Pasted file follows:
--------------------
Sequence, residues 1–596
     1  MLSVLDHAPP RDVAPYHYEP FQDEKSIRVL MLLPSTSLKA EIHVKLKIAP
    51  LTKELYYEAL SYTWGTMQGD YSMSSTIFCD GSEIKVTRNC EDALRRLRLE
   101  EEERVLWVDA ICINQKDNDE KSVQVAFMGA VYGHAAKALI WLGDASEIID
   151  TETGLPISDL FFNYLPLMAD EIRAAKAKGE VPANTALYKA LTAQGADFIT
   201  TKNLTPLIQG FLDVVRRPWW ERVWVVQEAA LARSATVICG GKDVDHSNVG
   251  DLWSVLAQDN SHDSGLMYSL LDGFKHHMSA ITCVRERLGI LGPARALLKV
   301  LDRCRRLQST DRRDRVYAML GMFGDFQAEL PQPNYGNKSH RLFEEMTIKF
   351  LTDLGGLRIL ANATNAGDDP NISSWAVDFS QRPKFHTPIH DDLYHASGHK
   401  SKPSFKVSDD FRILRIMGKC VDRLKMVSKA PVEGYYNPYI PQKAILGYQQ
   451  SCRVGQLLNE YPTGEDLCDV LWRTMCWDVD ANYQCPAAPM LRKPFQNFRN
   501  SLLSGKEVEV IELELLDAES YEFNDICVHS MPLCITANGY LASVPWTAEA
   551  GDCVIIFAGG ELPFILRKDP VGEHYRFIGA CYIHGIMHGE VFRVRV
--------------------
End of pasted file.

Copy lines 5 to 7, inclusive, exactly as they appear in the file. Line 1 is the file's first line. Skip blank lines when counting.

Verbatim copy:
   151  TETGLPISDL FFNYLPLMAD EIRAAKAKGE VPANTALYKA LTAQGADFIT
   201  TKNLTPLIQG FLDVVRRPWW ERVWVVQEAA LARSATVICG GKDVDHSNVG
   251  DLWSVLAQDN SHDSGLMYSL LDGFKHHMSA ITCVRERLGI LGPARALLKV